Working as and with Romanian Freelancers: How to Protect Intellectual Property

January 5th, 2021

Freelancing is exponentially growing in the online space with the development of the concept of gig economy, characterized by on-demand service model. One can work either as a full-time freelancer or otherwise aim at making some extra money besides their main career. With only an Internet connected device and relevant expertise in a particular field, such as copywriting, photography, software programming, marketing, graphic design, and other online suitable occupations, a freelancer/ digital nomad can “freely lance” - as the name suggests - their expertise on the market and be their own boss along the way. On the other hand, hiring freelancers can be a great benefit for your business, instead of employing in the traditional manner.

Many freelance projects consist in the client ordering the freelancer to produce a certain work, which requires the use of the freelancer’s capacity to intellectually create: writing, translating, composing music, designing, taking photos, originating architectural projects and so on. Intellectual creations are automatically protected by copyright, which is part of the wider concept of intellectual property (IP). Projects as those mentioned above entail legal matters as to: Who is the copyright holder, since the client ordered the creation of the work, but at the same time the freelancer is the work’s author? or What are each freelancer’s and client’s rights?

What are the legal parameters?

Despite several harmonisation initiatives within the IP field at the European Union (EU) level, the EU copyright framework leaves room for EU Member States to regulate IP contractual measures between authors (in the case at hand, freelancers) and the natural person/ the entity who orders a creation work (clients)[1]. Consequently, both as a freelancer and as the ordering party, you should refer to your contract’s governing law. If this is Romanian law, then Law on Copyright and Neighboring Rights no. 8/1996 shall be applicable, which specifies contractual aspects.

How can you protect your creative content as a freelancer?

Law no. 8/1996 provides that in case of the contract for ordering future works, in the absence of a contrary clause, the patrimonial rights belong to the author. Therefore, if the contract comprises no reference regarding the copyright holder, then the author, i.e. the freelancer, retains all IP rights. It may be apparent that the law automatically protects the author, even in the absence of contractual clauses in this respect – but there is a catch: how could the client use the work they ordered if the author did not agree for such use? So, there is a grey area for works other than photographs and computer programs (see below).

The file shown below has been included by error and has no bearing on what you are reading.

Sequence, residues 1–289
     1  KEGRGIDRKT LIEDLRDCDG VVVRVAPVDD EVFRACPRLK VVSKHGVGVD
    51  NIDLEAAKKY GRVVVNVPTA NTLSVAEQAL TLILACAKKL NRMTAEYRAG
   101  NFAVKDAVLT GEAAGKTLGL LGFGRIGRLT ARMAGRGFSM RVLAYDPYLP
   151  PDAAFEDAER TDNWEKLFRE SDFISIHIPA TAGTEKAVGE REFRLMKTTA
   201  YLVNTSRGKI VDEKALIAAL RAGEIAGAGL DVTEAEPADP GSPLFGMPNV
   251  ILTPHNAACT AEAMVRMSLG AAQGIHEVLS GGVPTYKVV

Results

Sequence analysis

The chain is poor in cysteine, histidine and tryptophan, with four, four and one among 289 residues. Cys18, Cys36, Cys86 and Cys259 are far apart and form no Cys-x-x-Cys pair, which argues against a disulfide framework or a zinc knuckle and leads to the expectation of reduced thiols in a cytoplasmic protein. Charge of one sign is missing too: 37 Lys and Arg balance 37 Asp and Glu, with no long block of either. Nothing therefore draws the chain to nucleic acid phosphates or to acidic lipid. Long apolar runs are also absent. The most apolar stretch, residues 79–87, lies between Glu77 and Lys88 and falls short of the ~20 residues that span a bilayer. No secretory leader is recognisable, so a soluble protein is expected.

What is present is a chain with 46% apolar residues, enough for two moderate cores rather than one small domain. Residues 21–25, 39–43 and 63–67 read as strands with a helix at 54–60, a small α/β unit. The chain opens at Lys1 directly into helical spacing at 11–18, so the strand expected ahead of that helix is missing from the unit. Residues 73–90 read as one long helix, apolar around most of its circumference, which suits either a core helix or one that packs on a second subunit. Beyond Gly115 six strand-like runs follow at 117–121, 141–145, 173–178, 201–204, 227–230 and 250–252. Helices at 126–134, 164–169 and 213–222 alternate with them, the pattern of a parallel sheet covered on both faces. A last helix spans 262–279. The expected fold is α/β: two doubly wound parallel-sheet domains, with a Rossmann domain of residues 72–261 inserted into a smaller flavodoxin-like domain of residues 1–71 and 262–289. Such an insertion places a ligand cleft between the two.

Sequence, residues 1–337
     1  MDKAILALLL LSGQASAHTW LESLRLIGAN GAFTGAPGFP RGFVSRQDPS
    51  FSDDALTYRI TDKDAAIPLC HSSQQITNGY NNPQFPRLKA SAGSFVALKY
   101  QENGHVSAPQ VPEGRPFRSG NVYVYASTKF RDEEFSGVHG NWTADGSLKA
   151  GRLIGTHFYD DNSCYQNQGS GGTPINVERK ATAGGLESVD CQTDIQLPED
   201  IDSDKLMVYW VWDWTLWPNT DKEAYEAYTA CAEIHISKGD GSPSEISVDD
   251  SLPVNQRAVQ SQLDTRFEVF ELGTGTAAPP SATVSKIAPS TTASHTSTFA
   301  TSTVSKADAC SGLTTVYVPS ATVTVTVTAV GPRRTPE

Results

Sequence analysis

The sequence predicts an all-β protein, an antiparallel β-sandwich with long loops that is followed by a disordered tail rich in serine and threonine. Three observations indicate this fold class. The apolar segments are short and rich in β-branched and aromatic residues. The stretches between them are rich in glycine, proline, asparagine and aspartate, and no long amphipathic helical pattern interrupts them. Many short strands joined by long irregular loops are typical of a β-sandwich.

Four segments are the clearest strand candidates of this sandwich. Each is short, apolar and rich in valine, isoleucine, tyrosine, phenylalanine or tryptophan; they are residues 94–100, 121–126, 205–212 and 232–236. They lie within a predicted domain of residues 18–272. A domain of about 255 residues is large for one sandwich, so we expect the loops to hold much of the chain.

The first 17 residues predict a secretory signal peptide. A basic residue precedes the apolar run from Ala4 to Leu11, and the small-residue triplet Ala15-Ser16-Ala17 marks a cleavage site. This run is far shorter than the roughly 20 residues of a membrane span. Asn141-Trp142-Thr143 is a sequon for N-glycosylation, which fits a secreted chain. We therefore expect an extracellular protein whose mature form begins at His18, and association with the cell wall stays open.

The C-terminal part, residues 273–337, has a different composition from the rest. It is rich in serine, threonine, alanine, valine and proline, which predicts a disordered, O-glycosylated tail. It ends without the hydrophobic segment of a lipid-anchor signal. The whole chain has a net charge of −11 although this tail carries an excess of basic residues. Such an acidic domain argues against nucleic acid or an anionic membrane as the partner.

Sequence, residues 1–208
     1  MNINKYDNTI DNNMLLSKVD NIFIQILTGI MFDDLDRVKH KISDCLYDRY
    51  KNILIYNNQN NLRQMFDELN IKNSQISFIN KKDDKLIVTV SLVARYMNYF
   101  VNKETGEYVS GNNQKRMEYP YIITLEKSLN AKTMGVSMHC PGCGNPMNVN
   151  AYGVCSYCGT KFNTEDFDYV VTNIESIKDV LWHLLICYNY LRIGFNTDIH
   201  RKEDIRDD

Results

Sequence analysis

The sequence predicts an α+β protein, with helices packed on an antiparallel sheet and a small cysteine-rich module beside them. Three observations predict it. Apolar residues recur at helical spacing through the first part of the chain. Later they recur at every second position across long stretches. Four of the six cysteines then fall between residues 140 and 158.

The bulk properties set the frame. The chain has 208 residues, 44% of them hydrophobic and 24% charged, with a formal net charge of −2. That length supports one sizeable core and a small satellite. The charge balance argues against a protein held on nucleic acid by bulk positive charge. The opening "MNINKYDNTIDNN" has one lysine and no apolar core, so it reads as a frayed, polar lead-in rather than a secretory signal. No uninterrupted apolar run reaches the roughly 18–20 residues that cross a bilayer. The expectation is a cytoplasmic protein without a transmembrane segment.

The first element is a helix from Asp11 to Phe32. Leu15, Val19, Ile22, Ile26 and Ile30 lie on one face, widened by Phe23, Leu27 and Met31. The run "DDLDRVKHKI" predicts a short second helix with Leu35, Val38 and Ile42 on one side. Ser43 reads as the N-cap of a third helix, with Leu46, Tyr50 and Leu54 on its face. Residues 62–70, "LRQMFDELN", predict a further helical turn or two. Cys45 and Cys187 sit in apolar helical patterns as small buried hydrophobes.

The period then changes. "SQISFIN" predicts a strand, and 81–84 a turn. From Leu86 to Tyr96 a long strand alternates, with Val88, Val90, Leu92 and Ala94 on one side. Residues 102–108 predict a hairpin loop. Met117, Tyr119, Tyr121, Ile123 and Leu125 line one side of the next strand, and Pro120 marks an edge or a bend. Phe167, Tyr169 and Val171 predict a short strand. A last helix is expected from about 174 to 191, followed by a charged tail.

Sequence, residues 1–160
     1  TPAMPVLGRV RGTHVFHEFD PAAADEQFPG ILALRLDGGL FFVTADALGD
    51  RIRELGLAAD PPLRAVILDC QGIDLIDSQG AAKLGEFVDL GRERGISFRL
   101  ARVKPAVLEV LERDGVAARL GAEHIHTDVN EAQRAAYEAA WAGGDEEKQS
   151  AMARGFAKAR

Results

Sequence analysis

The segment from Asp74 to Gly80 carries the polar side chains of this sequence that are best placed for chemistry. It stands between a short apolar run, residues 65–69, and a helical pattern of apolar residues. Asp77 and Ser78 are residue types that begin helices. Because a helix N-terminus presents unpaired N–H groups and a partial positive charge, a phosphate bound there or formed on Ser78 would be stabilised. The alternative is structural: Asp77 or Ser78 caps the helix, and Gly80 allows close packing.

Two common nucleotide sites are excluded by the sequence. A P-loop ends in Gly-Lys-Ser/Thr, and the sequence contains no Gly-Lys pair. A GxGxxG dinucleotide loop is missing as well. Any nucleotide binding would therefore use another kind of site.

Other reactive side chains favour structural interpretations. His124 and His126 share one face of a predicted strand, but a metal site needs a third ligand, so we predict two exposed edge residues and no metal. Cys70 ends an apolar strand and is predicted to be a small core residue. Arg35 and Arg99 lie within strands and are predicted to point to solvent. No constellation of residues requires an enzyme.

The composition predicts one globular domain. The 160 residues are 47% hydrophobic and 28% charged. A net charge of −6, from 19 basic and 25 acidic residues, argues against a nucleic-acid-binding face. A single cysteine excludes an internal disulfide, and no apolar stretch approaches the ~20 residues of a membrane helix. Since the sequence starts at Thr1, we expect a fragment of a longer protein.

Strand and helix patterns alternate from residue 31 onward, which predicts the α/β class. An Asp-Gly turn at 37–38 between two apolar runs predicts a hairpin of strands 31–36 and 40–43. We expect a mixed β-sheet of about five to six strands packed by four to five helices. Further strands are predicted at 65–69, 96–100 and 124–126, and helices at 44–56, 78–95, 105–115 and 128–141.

The client may intend to become the copyright holder over the work, which is the most frequent situation. In order to avoid harmful omissions, discrepancies and misunderstandings, you should discuss with your client IP matters and transpose them into a contract, following the legal freedom of choice and also the legal boundaries.

Note: you may assign only patrimonial/ economic IP rights towards the client (for example, the right to prohibit the license of the work), not moral rights (for example, one of the IP moral rights is the right to be recognized as the author of the work).

If you do not assign any IP rights to your client, you will remain the copyright holder over your work, but in the absence of specific contractual clauses, disputes may arise between you and your client. On the contrary, you may assign all or some of your economic IP rights, on an exclusive or non-exclusive basis (i.e. retaining or not the right to use the work).

Does the same apply if you are a freelance photographer or a software developer?

No. If you are a photographer and a client hires you to take photos, the law presumes that the client automatically becomes the copyright holder over the respective photos for a 3 years’ time period. Only if expressly provided in the contract, the photographer retains the economic rights. If you are a software developer, the law presumes that the client who hired you to create the software automatically becomes the copyright holder over that software (in this case, there is no legal duration for the transfer).

Undoubtedly, irrespective of the project’s type, it is always advisable to clearly state intellectual property matters within a legally binding and enforceable contract, in order to ensure both freelancer’s and client’s rights.

How can you benefit from copyright as a client within a freelance project?

In light of the above, as a client, you do not automatically become the copyright holder when a freelancer creates a work for your benefit (other than photographs and computer programs - see above). In order to become the copyright holder over the work you intend to order, but also to be legally protected when the law presumes you are the copyright holder, you must firstly sign a bespoke contract with the freelancer, covering both your requirements (such as the terms of the task/ scope of work, term of delivery, and term of acceptance of the work), and also copyright assignment clauses.

In a nutshell, the law offers a degree of freedom for the parties to contractually agree upon copyright matters. Thus, any freelance project should be based on a specific contract, being in the both parties’ best interest to expressly establish the IP protection clauses, so as to avoid uncertainties and future disputes between the parties.

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